After seeing the waste produced in the US, Manandhar was compelled to use it in his art rather than consuming new materials. He recycles existing materials, including discarded burlap rice bags, tea and coffee packaging, plastics, tea bags, soda cans, and milk cartons into visually captivating art works. Another part of Manandhar’s practice is the act of collecting all these objects either from his own home, friends, or the restaurants he has worked at. Once he has obtained the materials, everything is sent through various transformations, a process which brings great joy. His artistic practice creates new art pieces through repetition, juxtaposition, and the building of unusual textures by layering, melting, stitching, sewing, and stacking materials together.
Merryn Omotayo Alaka & Sam Frésquez
Merryn Omotayo Alaka
Merryn Omotayo Alaka (b. 1997, Indianapolis, Indiana) is a Nigerian and American artist who holds a BFA in printmaking from Arizona State University, Tempe, AZ. Alaka's applied creative practice has been intuitively rooted in an exploration of collective memory and identity with a curiosity for how the histories of the Black diaspora are preserved and reproduced. Through themes of ritual, mythology, transformation, and bodily autonomy, she conceptualize safe spaces as a necessary strategy for passing on intergenerational imagery, narratives, and traditions for a people who's histories are constantly erased, misrepresented, and misinterpreted. Materiality and cultural ephemera within her work serve as vessels chronically personal or collective experiences, concentrated on Black queer subjectivity. Alaka uses hair materials and adornments, textiles, fibers, and woodworking along with craft based processes tied to the African diaspora as a way to connect with both past and future generations. Pattern making has served as an integral component of her work as a non verbal visual language and metaphor for the repetition of knowledge and traditions continually passed down.
Omotayo Alaka has exhibited at institutions including the Phoenix Art Museum, Tucson Museum of Art, Scottsdale Museum of Contemporary Art, and. Omotayo Alaka is the recipient of the 2022 Lehman Emerging Artist Grant from the Phoenix Art Museum. Merryn Omotayo Alaka currently lives and works in Chicago Illinois , her work is represented by Lisa Sette Gallery.
Denim, Pigmented Cotton, and Ink by Aidan Anne Frierson
Aidan Anne Frierson
Aidan Anne Frierson (they/she) is a Southside Chicago community member primarily practicing within the realms of: Handmade Papermaking and Hand Poke Tattooing. Frierson explores the physical and social practice of indelible mark-making on impermanent vessels. Frierson approaches both Handmade Papermaking and Hand Poke Tattooing as forms of citation and practices of care.
Through Hand Poke Tattooing, Frierson investigates a working timeline of experiences relevant to memory and nature using Black, Grey, and White ink in collaboration with people.
Handmade Papermaking serves as a vessel for Frierson to physically process what is lived and what is felt. Frierson engages with color, texture, size, and pattern by associations with people, places, and experiences.
Interconnected by the stories of our lives and the places we've experienced, indelible moments in time leave indelible marks in our mind.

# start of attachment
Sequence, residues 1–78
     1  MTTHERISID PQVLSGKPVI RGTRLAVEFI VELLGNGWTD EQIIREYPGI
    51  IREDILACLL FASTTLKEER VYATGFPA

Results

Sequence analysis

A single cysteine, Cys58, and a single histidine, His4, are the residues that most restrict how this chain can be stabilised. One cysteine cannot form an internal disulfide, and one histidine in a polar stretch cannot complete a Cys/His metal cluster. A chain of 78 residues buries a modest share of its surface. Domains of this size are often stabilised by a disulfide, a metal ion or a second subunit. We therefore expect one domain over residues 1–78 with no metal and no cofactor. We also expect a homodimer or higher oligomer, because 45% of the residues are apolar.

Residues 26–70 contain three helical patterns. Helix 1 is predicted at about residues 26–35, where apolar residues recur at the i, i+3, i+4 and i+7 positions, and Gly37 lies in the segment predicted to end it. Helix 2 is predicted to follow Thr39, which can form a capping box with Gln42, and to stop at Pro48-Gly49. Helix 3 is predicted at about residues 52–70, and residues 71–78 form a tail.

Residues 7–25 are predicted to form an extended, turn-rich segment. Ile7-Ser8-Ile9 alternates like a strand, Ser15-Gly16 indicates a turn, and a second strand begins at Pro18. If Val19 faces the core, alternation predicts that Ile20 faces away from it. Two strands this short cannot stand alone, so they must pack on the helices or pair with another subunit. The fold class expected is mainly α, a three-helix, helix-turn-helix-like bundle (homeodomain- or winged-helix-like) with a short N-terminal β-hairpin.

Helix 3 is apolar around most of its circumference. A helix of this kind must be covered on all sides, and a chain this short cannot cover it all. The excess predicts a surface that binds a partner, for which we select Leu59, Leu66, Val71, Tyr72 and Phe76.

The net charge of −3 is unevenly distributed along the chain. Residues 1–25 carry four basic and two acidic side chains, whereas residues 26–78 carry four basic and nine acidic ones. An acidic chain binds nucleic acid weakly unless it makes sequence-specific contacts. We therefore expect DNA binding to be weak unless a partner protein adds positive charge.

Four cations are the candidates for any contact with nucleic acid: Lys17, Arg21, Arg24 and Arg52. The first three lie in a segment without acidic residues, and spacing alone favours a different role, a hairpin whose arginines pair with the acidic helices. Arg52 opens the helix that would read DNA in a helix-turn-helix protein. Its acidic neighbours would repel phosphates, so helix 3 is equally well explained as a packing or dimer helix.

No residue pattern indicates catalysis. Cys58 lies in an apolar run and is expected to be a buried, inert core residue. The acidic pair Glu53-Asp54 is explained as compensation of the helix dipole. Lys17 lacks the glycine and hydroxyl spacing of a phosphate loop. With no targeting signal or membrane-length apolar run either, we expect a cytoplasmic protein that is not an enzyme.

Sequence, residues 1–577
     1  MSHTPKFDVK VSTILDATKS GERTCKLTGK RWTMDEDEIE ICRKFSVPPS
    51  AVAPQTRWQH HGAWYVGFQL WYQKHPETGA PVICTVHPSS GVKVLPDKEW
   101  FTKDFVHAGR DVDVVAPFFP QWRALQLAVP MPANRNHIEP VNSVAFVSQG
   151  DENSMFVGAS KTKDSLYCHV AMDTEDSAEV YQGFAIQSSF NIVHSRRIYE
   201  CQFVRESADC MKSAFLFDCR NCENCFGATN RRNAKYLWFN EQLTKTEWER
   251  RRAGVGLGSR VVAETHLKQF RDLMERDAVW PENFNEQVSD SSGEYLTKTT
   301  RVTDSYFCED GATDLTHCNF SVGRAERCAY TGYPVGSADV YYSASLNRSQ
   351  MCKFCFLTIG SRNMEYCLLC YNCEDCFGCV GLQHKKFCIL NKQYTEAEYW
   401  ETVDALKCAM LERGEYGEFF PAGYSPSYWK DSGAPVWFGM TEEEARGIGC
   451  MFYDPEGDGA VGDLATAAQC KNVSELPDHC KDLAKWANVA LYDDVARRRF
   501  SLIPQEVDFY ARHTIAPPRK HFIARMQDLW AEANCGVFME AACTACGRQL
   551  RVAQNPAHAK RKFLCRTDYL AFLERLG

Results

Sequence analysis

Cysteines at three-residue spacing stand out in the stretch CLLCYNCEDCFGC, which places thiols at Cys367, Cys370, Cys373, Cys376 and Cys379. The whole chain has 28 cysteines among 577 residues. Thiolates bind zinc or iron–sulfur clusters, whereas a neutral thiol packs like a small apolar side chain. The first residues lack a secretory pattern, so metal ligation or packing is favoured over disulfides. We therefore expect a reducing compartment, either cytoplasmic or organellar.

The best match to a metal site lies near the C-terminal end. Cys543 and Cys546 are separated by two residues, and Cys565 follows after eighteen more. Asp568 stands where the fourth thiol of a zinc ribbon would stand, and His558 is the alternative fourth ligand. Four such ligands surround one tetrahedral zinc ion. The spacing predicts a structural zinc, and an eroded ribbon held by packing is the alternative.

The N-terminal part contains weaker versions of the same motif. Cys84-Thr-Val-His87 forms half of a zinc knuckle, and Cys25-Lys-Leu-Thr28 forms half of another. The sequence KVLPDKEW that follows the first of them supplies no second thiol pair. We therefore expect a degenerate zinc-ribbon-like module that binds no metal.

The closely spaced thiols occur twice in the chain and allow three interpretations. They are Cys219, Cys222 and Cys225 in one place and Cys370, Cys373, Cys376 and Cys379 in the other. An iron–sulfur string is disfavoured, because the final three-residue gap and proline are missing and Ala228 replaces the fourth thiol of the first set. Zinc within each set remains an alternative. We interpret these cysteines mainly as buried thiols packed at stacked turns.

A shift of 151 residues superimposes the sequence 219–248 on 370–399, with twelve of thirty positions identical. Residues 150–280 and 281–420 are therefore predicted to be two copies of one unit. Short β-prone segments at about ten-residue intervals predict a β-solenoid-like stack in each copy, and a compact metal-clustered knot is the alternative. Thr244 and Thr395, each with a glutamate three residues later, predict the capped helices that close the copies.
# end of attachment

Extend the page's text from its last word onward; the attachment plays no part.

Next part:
Libby Evan is a multimedia artist focused on soft sculpture. She is from Albany, NY. She is a current MFA student in the Fiber and Material Studies Department at the School of the Art Institute of Chicago. She graduated from Washington University in St. Louis, The Sam Fox School of Design and Visual Arts with a BFA in Studio Art in May 2020. Her practice breaks down the facade of being okay on the outside but no so much on the inside. Previous exhibitions include a pop-up exhibition at CAM St. Louis, The Full Light of Day at VAE in Raleigh, Art St Louis’ Varsity Art XXIV, and Connected: VSA Emerging Young Artists Exhibition. In 2019, she was awarded an Award of Excellence for emerging young artists with disabilities at the Kennedy Center. In 2020, Evan was featured in Home Sick, an international juried exhibition in Poughkeepsie where she was awarded second prize.
Born in rural Pennsylvania, brought up in a strict conservative Christian community. In a lot of ways this has shaped who I am today, but mostly in terms of what kind of life I don’t want to lead.
I seek to create the world I see inside my head. I am drawn to themes of childhood creativity, embracing life and death, as well as understanding the human experience and the powerful presence of a woman untethered from other people’s ideologies.
Emilka is an artist, writer, and researcher. Her discipline is grounded in trash manipulation, weaving, collage, embroidery, surrealist automatism, photography, video installation, and heavy conceptual thought. She is fascinated by politics of consumerism, collected materials - trash, mainly - craft, theory of objects, and the aesthetic experience. Guided by words (1), and working through hand and body, Emilka manipulates and plays with her material, creating layered after lives for her belongings. Her practice investigates the relationships between us and multifaceted waste, with acute detail to process, texture, and ornamentation.
Emilka Wolniewicz (she/her) is a MFA candidate in the Fiber and Material Studies Department at the School of the Art Institute of Chicago. Emilka holds a B.S. in Nutrition and a B.A. in Human Physiology from the University of Minnesota.
I’m kinda like if Azealia Banks was getting her MFA
Xingyi Zhao is a Chicago-based artist who draws pictures, prints impressions, traces marks, weaves images, winds yarns, ties knots, and takes daily notes. She observes, collects, and rearranges.